The Fight Of The Female Journalist

I’ve learned a lot of things during my time in the journalism world. City council members will not return your phone calls. Don’t bury your lede. Heels are a nice thought, but should often be avoided. You get one mistake in your entire career, and that’s it. And if you’re a woman, you will always walk an uncomfortable line.

It’s an uncomfortable feeling wondering if you were given a position because of your qualifications, or because of your legs. And journalism, unique from many other trades, leaves that line slightly blurred and confusing. Women, who make up 38% of the average American newsroom staff, belong in the features and style sections, and the men leave them alone. That is female journalist territory—we write the feel-good pieces, the community profiles, the fashion columns and the dating advice.

But when we walk into the center of the newsroom, the tension begins.

I’ve faced sexism wearing a variety of masks. I’ve had an interviewer from a national news source refuse to consider me for the position I was interested in, and instead insisted I apply to a glorified news anchor internship. I’ve been denied positions that have gone to under-qualified males. I have had offensive, sexual comments made towards me. I have felt myself hesitate to apply to internships, because I feel that I cannot handle the stress, something I’m sure very few of my male counterparts worry about. And then on the other side of the coin, I have been hired for positions—not because of my qualification, but because of my gender and appearance. I have been spared “difficult” tasks because they might be too taxing. I have been hired to check a box.

It’s a back and forth game, and never before have I been so acutely aware of how I look and how I dress. I’m a tiny blonde girl— busty but petit, not gorgeous but certainly cute. On the job, I dress in slacks and button downs, favoring menswear over skirts and heels. And whether my interviewers and bosses realise it or not, that shapes the way they interact with me.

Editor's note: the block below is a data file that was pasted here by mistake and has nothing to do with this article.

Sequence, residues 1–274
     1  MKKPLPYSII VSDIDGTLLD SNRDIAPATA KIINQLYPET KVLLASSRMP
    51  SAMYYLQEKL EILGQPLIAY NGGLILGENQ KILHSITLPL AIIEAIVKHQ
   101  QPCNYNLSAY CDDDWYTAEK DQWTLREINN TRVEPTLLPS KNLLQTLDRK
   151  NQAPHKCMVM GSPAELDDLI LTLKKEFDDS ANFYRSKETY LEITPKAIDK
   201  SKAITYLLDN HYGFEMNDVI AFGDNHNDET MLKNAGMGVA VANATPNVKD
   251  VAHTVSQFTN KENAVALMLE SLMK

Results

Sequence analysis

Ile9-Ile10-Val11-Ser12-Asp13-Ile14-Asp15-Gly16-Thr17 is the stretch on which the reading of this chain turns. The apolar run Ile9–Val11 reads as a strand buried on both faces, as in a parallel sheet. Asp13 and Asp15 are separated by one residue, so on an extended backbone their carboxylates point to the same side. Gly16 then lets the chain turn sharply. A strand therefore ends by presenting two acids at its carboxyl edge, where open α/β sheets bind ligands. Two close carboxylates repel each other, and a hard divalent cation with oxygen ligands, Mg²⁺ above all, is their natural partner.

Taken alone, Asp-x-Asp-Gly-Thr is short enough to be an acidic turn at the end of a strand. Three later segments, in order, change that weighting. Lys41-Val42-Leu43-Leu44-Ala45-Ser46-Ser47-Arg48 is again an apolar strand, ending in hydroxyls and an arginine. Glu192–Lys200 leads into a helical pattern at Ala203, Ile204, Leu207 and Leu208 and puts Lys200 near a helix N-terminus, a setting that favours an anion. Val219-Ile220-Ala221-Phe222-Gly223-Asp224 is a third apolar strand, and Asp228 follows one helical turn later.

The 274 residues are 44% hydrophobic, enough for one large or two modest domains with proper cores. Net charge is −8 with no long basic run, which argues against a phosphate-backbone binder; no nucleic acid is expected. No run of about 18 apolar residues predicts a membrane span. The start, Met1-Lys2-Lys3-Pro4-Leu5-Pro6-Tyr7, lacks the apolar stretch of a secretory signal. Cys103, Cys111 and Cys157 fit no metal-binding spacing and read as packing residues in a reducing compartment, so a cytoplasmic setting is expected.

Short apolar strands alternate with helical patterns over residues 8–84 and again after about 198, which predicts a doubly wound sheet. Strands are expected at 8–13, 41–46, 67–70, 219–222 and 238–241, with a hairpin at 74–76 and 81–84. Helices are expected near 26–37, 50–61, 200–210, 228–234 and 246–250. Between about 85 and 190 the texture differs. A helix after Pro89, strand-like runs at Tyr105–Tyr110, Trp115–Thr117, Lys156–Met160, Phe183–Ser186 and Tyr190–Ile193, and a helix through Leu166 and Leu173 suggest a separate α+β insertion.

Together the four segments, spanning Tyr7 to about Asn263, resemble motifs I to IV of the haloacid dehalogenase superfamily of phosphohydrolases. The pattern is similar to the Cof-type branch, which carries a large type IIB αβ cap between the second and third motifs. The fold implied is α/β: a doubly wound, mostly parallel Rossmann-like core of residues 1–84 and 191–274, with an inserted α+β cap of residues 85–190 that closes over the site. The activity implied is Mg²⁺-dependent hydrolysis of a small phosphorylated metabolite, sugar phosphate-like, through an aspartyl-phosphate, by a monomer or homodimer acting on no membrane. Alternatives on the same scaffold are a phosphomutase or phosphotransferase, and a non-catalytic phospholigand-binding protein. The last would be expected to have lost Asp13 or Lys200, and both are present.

I have never been hired for a writing position while wearing pants.

I have decided to attach myself to a dying breed: the old boys club of print journalism. They’re on the way out, and as a result feel no need to change. Online publishing, the world of the blog is dawning.

And yet even in this comfortable world where classy women and geek chic alike rule, there is still a line. We are held to the lifestyle blogs—home decor and dating advice. But leave the political commentary alone—unless it involves women’s issues. Tech writers or video game reviewers need not apply—unless you have a penis. Even in a world that many consider female-dominated, we are put in a very narrow niche, which we are expected to not deviate from.

I promised myself a long time ago that I will not make my career by doing the easy thing. I will not apply to positions unless I know I am one of the best qualified. I will not put myself in a position to fail. I will work tirelessly to ensure that even if I stumble, I can fall back on a pad of experience and pride, knowing that I have made a name for myself entirely of my own accord. I will always be challenging myself, because that is the only way to learn.